Monday, March 4

It's National Grammar Day!

Hey, it's Nan, coming to you on a Monday this week. We decided to spend March, which happens to be Reading Awareness Month, focusing on the special days during the month that emphasize reading and readers. Believe it or not, there are a bunch of days in March that celebrate reading and readers! I picked National Grammar Day for obvious reasons... I'm an editor in my day job.

 How many of you have read a book where the grammar errors just leaped out at you. I'm not talking about a couple of misplaced commas or the occasional "hte" instead of "the"--that stuff happens to everyone. Nope I'm talking about really glaring stuff, sentences that go on for line after line, consistently misused words, using numerals instead of spelling out numbers one through a hundred or mixing up the usage, and my personal gripe--not using a serial (or Oxford) comma. Here are some that make me really crazy when they show up in a "edited" book:

  • Consistently using "phase" for "faze." Phase means to introduce something in stages. Faze means to disturb the composure of; to daunt So, Sally wasn't fazed by that phase of the project is correct usage here.
  • Mr. Franklin gave the boy 13 eggs and four quarts of milk. Uh-uh. Mr. Franklin gave the boy thirteen eggs and four quarts of milk.
  • Oxford comma: Famous example here, but still one of my faves: She thanked her parents, Ayn Rand and God. Um, nope her parents aren't Ayn Rand and God, that would just be weird. Corrected: She thanked her parents, Ayn Rand, and God. Make sense? Good. Oxford commas, use them!
  • Here's a sample too-long sentence from Jane Austen's Northanger Abbey: “Her plan for the morning thus settled, she sat quietly down to her book after breakfast, resolving to remain in the same place and the same employment till the clock struck one; and from habitude very little incommoded by the remarks and ejaculations of Mrs. Allen, whose vacancy of mind and incapacity for thinking were such, that as she never talked a great deal, so she could never be entirely silent; and, therefore, while she sat at her work, if she lost her needle or broke her thread, if she heard a carriage in the street, or saw a speck upon her gown, she must observe it aloud, whether there were anyone at leisure to answer her or not.” Whew. It's Jane Austen, so of course we forgive her, but man...that is one long sentence! And aren't those so dang distracting to readers?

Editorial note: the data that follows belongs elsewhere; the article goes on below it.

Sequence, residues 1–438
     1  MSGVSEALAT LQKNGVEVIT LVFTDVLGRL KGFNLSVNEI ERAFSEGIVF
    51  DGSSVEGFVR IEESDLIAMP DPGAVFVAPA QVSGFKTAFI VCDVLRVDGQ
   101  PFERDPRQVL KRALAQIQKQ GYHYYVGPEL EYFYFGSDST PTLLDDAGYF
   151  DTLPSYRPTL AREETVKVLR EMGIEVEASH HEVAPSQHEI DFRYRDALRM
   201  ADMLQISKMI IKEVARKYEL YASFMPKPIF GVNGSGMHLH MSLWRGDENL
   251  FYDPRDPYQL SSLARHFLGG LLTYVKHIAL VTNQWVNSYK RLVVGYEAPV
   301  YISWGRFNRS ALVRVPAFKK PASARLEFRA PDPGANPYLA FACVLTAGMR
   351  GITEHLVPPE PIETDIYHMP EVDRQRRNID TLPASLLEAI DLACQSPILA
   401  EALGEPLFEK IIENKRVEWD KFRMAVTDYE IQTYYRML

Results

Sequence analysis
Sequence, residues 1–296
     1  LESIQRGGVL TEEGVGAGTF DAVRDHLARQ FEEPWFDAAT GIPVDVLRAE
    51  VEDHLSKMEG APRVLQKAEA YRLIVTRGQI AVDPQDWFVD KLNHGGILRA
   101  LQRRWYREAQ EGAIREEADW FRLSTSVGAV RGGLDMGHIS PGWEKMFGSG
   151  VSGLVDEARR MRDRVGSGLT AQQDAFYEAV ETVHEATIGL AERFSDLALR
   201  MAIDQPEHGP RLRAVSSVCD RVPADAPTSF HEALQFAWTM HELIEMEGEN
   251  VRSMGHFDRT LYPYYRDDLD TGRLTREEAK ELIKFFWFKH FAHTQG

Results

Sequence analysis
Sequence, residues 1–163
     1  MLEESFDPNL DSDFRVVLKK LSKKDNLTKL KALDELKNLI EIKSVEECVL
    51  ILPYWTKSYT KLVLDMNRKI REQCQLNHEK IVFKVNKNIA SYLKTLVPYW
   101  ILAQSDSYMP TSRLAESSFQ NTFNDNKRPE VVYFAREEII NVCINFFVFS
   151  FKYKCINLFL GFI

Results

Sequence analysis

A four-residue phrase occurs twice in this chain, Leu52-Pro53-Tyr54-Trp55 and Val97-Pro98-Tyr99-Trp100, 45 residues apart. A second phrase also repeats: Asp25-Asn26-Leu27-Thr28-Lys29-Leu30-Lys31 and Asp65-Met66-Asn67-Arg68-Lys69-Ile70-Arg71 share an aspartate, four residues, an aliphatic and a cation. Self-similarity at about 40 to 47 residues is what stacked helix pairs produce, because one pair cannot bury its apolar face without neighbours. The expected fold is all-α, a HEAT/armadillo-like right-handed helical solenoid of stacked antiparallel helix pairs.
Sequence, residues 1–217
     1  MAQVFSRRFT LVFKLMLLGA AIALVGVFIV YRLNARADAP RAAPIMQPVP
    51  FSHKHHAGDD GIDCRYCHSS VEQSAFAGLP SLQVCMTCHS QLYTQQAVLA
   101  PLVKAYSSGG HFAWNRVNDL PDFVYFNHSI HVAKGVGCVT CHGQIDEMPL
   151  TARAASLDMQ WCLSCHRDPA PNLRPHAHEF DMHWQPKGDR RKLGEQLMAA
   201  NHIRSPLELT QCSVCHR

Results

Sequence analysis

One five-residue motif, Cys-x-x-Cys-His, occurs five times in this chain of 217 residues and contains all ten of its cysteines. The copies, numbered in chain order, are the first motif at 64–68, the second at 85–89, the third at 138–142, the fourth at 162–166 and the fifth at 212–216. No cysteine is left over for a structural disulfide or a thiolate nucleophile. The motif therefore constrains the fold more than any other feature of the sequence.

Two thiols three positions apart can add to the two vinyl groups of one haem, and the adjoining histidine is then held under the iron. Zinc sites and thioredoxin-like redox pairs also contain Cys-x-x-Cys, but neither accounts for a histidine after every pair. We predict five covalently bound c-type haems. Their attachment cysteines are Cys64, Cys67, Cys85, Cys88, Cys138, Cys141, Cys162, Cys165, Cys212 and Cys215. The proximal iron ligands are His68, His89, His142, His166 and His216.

Now, go have a glass a wine and toast an editor! We do our best to make your reading experience a happy, grammatically correct experience. Happy Grammar Day!

    7 comments:

    1. I didn't know that about 13 and four... Good post, Nan!

      ReplyDelete
    2. very interesting! really enjoyed it.

      ReplyDelete
      Replies
      1. Thanks for stopping by, WVA! Happy to have you with us!

        Delete
    3. Long live the Oxford Comma! Huzzah!!!!

      ReplyDelete
    4. Huzzah indeed! I'm a devout advocate!

      ReplyDelete
    5. I've been rather lax about my Oxford commas lately, but I am suitably informed of the error of my ways. I shall henceforth endeavor to include the comma from this point forward. (The Jane Austen got to me there!)

      ReplyDelete